The surge in financial exploitation targeting the elderly has become a concerning family issue, with approximately three-quarters of cases involving exploitation by family members, caregivers, or friends, as indicated by recent data.
A 2022 AARP study highlighted a significant increase in such incidents, particularly noted during the early stages of the pandemic, possibly exacerbated by the isolation of the older generation, leading to illicit activities by close acquaintances and institutions.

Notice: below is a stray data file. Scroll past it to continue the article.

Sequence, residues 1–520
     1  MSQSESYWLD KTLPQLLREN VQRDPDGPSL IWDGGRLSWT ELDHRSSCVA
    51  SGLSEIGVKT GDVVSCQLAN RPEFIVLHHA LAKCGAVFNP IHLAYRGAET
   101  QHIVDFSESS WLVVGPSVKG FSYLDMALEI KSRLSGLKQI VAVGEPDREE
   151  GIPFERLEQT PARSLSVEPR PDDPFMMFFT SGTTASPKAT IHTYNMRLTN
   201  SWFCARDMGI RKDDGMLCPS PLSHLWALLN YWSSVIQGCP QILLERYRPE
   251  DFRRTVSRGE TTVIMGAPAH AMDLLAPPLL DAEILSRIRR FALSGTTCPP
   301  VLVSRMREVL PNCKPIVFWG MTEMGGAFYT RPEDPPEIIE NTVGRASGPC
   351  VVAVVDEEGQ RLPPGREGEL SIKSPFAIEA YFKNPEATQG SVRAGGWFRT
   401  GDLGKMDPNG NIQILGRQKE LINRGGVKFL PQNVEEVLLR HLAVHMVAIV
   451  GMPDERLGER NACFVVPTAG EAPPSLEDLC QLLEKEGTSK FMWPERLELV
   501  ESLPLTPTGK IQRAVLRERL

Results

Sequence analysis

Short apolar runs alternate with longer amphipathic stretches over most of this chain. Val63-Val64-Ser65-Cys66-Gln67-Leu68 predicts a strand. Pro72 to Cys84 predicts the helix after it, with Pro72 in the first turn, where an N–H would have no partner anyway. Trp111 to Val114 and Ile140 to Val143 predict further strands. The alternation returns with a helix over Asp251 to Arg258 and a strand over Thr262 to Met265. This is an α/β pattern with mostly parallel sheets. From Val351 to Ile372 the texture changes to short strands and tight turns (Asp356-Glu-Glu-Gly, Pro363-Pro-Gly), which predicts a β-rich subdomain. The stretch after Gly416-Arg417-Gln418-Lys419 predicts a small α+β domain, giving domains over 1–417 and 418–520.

Compounding the problem is the reluctance of many victims to report such crimes due to feelings of shame. Suzanne Woolley, in her Bloomberg article, referenced a 2020 study in the Journal of Applied Gerontology, revealing that only 12.5% of cases involving exploitation by known individuals were reported. These instances of financial abuse contribute to a broader retirement-savings crisis in the USA, with estimated costs of $1.3 million by 2040, as reported by Pew Charitable Trusts, further impacting multiple generations.